In order to understand and apply emotions to the practice of design, it’s necessary to understand what differentiates different types of emotions, and the effect of emotions on… the processing of information. For many artists and designers out there, much of this knowledge is intuitive. They ‘just know’ how to subtly balance all the elements of art, design and interaction to create emotional states that capture attention and encourage loyalty.
Emotion is important to design because virtually all the decisions we make are made because of either how we feel, or how we anticipate we’ll feel. Recent research in neuroscience has shown that without the feedback provided by our emotions, we have difficulty making even simple decisions, like what clothes to wear in the morning. (Damasio 1995)
The effects of emotion directly influence much of the way we perceive our everyday lives, affecting how categorize information, make decisions, evaluate risks and solve problems. (Isen 1999) Within emotional research literature, the term used for the way that emotions affect cognition is “emotional affect“. Emotional affect is the term for emotional reactions that have a high probability of producing changes in awareness, facial expression, body language, physiological function, and behaviour. These reactions change the way we process information and perform tasks, depending on whether the conditions are perceived as positive (e.g., supportive, caring,) or negative (e.g., threatening, punishing). (Hayes-Roth et al 1997) Affect can be differentiated from cognition because it tends to influence motivation and arouse feelings, whereas cognition is concerned with facts. (Cacioppo and Petty 1989)
Donald Norman states that emotional affect is…
the general term for the judgmental system, whether conscious or unconscious. Emotion is the conscious experience of affect complete with attribution of its cause and identification of its object. A queasy, uneasy feeling you might experience, without knowing why, is affect. (Norman 2004 p11)
The close relationship between the emotional system and behaviour means that the body is prepared to respond to a variety of events. Anxiety promotes focus in the mind and a tense body that is ready to take action. Happiness and contentment promote increased flexibility in thinking and a relaxed body. (Norman 2004) In evolutionary terms, positive affect is linked with the tendency to approach and negative affect is linked with the tendency to avoid.
The influence of affect can be found in both individual and social situations. Emotional affect can alter thought processes, changing how events are perceived and interpreted. It can change how people interact with one another and it can also change how people interact with objects. This idea is especially applicable to the mobile technologies that are expanding throughout the globe. The wide adoption of these technologies means that new and inexperienced users are entering into the market every day. Improving their experiences from the very first interaction has powerful implications for brand loyalty.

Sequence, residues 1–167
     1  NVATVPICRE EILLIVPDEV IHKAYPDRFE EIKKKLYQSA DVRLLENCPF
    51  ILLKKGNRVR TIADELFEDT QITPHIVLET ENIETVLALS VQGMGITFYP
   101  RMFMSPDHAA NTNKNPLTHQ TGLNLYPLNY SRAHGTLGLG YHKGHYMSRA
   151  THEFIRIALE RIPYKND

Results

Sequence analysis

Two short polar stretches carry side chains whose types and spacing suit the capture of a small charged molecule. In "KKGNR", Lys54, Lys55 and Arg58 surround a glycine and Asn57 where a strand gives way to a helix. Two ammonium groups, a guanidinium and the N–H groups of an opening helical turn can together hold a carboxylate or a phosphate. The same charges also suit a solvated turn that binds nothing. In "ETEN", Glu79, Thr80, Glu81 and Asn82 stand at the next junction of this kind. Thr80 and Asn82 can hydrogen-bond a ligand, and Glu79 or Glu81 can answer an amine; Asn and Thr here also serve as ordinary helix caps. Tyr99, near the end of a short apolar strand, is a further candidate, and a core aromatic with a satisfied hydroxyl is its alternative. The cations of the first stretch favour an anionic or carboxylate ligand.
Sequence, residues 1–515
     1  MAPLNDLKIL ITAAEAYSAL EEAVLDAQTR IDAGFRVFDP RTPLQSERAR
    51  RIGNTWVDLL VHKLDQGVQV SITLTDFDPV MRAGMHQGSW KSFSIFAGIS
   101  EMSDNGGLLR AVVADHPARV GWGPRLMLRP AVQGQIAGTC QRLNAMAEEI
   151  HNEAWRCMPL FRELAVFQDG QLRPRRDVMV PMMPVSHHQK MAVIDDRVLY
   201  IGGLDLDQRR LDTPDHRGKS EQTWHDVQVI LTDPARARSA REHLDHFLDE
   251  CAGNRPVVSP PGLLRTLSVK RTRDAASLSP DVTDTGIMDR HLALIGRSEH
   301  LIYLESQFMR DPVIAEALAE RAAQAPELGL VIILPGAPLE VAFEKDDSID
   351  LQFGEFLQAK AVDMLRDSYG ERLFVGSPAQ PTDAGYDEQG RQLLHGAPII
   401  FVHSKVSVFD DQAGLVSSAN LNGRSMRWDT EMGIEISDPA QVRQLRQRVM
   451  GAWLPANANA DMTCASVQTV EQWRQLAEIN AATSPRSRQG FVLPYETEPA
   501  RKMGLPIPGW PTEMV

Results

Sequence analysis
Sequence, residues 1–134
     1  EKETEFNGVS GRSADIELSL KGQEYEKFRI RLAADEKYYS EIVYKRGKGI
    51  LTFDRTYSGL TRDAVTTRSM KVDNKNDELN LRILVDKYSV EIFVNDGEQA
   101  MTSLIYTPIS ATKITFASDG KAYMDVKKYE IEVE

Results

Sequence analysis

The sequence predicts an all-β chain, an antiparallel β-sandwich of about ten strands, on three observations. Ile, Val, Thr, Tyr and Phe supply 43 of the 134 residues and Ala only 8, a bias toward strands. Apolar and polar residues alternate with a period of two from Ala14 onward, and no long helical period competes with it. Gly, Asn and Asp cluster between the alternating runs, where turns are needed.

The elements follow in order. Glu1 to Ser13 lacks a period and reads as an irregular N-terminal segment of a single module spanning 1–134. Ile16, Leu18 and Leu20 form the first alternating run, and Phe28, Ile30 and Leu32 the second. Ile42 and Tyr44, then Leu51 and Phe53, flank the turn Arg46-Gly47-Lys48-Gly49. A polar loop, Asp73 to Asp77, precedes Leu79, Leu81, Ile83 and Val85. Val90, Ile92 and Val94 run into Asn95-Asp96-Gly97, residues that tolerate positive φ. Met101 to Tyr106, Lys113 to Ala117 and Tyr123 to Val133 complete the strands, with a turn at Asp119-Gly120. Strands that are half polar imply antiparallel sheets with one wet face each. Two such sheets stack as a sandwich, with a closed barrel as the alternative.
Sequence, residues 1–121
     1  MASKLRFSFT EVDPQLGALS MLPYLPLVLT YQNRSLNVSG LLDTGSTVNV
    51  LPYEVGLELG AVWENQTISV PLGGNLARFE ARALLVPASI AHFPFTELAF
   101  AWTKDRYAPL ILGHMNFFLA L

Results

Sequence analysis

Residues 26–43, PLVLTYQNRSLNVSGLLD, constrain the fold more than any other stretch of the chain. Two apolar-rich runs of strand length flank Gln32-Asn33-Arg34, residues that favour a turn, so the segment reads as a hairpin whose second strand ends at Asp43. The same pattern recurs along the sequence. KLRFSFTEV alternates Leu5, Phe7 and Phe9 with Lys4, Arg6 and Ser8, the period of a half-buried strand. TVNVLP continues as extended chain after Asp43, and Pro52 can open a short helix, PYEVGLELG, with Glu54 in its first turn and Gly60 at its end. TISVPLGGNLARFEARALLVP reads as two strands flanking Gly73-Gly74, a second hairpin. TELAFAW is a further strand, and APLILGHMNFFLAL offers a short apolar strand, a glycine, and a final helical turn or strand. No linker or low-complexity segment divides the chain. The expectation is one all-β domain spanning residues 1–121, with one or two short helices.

Emotional affect is an important consideration for interactive products, especially those that are used in stressful or dangerous situations. In almost all instances, emotional affect guides cognition in directions that are congruent with the affect. (Cafferata and Tybout 1989) In advertising for example, when prior knowledge and the motivation to deliberate the benefits of a product or service are low, people are more likely to rely on their unconscious affective responses to make a choice. When prior knowledge and motivation to deliberate are high (e.g. making a large investment), people are more likely to rely on their knowledge and conscious appraisals and ignore unconscious affective cues. (Cafferata and Tybout 1989)
The same is true for interface design. When knowledge of a device or application is low, as with novices, people will tend to rely more heavily on their affective responses to interface elements to make choices. Once knowledge is gained, users rely more on their cognitive appraisals to make choices. These choices can influence how a user navigates through an application and how quickly they accomplish their goals.
Affective states influence ongoing appraisals of information and experience. This influence is much more apparent when the information that is appraised is ambiguous in nature. (see below) The influence of affect on information that already has a strong positive or negative nature is much smaller. (Isen 1999)
Affective states can also raise or lower the amount of motivation people are willing to invest by changing the level of physiological arousal or anxiety. They also influence cognition because people tend to remember things that occurred when they were in a similar state of arousal/value more readily. (Cacioppo, 1989)
This has powerful implications for the design of products targeted at different groups. Novices will be more persuaded by information that is affect inducing, while those with more knowledge may tend to ignore or even disdain affective cues. Either way, affect can be motivating because it interacts with the user’s existing state.